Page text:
alarm went off on time, you ate a great breakfast, and all the lights were
green on the way to your interview location. This is it! The moment you’ve been
waiting for with the company of your dreams. Follow these tips from Monster.com
to ensure that you not only land the job, but leave a lasting positive
Good Nonverbal Communication
confidence by standing straight, making eye contact and connecting with a firm handshake. This impression can
be a great beginning to your interview.
Dress for the Job or Company
is important to know what
to wear to an interview and to be well-groomed. Whether you wear a suit or something less
formal depends on the company
and the position you are seeking.
Listen Good communication skills include listening and letting the
person know you heard what was said. Observe your interviewer, and match that
style and pace.
Don't Talk Too Much Telling the interviewer more than he needs to know could be a fatal mistake,
sometimes talking yourself right out of the job. Prepare
for the interview by reading through the job posting, matching your skills with the
position's requirements and relating only that information.
Don't Be Too Familiar Your level of familiarity should mimic the interviewer's demeanor. It is
important to bring energy and enthusiasm to the interview and to ask questions,
but do not overstep your place as a candidate looking for a job.
Use Appropriate Language It's a given that you should use professional
during the interview. Be aware of any inappropriate
slang words or references to age, race, religion, politics or sexual
Don't Be Cocky Attitude plays a key role in your interview success. There is a fine
balance between confidence, professionalism and modesty. Overconfidence is as
bad, if not worse, as being too reserved.
a Take Care to Answer the
interview questions are designed to elicit a sample of your past behavior. If you fail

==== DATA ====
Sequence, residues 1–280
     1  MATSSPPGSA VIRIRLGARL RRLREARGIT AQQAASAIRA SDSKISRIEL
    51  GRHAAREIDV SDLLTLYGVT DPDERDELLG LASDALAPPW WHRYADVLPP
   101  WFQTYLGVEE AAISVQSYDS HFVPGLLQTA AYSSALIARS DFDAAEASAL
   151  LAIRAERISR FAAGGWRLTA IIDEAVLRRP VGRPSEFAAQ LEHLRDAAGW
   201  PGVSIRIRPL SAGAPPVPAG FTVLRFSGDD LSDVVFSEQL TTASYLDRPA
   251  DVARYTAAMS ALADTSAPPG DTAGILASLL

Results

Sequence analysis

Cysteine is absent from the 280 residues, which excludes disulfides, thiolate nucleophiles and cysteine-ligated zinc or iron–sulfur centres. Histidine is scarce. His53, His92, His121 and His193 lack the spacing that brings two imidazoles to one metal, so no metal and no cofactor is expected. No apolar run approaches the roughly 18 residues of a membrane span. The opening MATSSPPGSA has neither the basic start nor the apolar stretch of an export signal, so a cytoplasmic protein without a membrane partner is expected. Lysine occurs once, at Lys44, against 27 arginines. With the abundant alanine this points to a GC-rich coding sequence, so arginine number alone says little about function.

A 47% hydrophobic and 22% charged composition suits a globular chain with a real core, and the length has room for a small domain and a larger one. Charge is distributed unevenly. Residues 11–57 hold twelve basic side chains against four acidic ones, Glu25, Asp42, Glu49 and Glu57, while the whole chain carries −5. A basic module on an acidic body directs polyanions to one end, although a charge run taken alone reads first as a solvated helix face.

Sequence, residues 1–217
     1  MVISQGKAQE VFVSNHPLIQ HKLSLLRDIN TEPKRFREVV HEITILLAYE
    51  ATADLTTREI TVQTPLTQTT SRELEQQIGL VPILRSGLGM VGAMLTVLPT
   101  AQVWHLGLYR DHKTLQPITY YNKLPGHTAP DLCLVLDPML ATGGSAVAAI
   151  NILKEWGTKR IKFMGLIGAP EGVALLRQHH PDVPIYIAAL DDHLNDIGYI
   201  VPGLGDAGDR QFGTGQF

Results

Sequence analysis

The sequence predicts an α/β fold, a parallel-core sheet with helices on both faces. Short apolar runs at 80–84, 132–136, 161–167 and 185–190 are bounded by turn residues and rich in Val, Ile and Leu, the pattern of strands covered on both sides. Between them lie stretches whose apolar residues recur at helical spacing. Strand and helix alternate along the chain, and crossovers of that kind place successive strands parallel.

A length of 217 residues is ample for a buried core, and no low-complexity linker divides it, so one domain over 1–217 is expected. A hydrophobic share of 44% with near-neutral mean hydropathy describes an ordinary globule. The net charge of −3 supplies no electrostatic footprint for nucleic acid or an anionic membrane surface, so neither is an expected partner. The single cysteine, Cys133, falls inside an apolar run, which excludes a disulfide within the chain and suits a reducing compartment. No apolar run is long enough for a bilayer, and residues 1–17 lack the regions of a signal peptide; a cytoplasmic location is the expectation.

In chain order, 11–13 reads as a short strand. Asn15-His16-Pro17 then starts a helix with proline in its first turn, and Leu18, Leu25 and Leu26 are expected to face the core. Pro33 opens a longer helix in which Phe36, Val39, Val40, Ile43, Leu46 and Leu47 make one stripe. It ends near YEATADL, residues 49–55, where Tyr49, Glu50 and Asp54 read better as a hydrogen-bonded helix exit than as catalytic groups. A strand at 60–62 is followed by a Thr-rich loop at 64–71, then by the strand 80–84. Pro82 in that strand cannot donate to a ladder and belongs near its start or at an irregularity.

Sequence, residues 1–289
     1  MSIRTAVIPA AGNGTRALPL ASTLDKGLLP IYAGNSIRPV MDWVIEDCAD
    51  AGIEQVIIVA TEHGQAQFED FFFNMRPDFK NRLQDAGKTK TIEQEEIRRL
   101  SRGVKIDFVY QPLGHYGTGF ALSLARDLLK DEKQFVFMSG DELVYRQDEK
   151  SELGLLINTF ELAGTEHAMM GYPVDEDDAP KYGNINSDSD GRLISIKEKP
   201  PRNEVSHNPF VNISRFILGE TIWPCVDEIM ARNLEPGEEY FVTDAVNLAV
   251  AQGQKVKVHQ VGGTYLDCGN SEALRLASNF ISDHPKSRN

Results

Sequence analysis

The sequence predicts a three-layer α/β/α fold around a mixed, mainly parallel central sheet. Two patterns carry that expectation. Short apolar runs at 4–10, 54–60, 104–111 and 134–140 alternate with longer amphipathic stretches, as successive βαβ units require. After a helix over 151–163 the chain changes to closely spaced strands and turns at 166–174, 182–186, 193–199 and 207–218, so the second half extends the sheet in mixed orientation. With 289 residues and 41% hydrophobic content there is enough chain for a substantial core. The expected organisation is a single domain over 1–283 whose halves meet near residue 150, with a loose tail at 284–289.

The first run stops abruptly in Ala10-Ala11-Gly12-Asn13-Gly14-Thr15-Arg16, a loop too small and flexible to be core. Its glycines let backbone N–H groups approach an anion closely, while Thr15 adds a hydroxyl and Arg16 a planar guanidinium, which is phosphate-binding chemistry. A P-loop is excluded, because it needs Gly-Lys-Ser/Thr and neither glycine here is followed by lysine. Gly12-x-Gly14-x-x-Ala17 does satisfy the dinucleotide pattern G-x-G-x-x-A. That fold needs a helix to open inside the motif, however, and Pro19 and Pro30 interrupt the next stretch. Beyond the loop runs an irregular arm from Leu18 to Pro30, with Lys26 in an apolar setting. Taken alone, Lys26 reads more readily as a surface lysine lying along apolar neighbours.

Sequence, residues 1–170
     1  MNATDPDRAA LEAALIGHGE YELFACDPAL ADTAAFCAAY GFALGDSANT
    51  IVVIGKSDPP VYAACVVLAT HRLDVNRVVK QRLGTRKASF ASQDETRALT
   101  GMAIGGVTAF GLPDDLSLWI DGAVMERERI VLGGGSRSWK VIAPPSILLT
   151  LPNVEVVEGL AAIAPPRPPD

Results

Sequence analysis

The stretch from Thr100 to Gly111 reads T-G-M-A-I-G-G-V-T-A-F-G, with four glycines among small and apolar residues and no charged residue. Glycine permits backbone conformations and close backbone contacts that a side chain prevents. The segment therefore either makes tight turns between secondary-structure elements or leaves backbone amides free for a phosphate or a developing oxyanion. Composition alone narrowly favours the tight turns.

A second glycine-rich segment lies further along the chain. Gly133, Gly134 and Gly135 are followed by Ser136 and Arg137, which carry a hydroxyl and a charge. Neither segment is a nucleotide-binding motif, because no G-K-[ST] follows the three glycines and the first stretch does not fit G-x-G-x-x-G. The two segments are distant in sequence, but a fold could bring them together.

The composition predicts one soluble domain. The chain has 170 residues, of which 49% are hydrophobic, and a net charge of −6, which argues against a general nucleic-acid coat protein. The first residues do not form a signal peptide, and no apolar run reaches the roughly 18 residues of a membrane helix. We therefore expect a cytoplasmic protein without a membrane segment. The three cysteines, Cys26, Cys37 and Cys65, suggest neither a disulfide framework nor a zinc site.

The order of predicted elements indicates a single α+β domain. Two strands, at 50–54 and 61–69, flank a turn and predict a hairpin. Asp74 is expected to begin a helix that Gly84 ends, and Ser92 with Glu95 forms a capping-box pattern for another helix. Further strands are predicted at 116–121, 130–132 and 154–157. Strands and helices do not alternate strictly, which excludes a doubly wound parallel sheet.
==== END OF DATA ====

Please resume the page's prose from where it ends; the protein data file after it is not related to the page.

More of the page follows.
to relate a specific example, you not only don't answer the question, but you
also miss an opportunity to prove your ability and talk about your skills.
Ask Questions Part of knowing how to interview is being ready to ask
that demonstrate an interest in what goes on in the company. Asking questions
also gives you the opportunity to find out if this is the right place for you.
The best questions come from listening to what you're asked during the
interview and asking for additional information.
Don't Appear Desperate When you interview with the "please, please hire me" approach;
you appear desperate and less confident.
Reflect the three Cs during the interview: cool, calm and confidence.
You know you can do
the job; make sure the interviewer believes you can too by putting these tips
Follow this link to read the article in full detail:
You’ve been in the job search for a while now. All of a
sudden, you are landing interviews back to back. Then one day, you are surrounded
with offers. Oh my! You need to make a decision, but you know that a few companies
will be on the losing end of the stick. After careful deliberation, you have
made your decision. But should you let the “losing” employers know? Wouldn’t it
be easier to just not sign the offer or not pick up the phone when they call?
Your story may not play out this exact way, but you may have
been in a situation where you had to make a decision between employers. What is
the best way to handle that? The idea is that you want to build bridges and not
burn them. You never know, you may find that the job that you accepted wasn’t
actually a fit. You may want to later apply for another position with the
company that you originally turned down. You may cross paths with the “losing”
recruiter…it is a small world after all.
So how can you politely decline an employer and build that bridge?
All it takes is a simple call.
employer personally. Let them know
that you are turning down the offer and why.
employer know in a timely fashion. That way, the employer can explore a
polite and professional. Recruiter’s
document each encounter with candidates. If you ever apply again, they will be
able to reference the past conversations.
assistance. If you know someone that is in the career search and would meet
the employer’s requirements, refer them to the employer. This could help the
employer fill the position since you are now pursuing something different, and
you are paying it forward.
I know it’s easier
said than done, but I promise that you will feel better letting the employer
know the direction that you are taking. Who
knows what paths you may take in the future, as you may need to travel on the
bridge that you once thought of burning.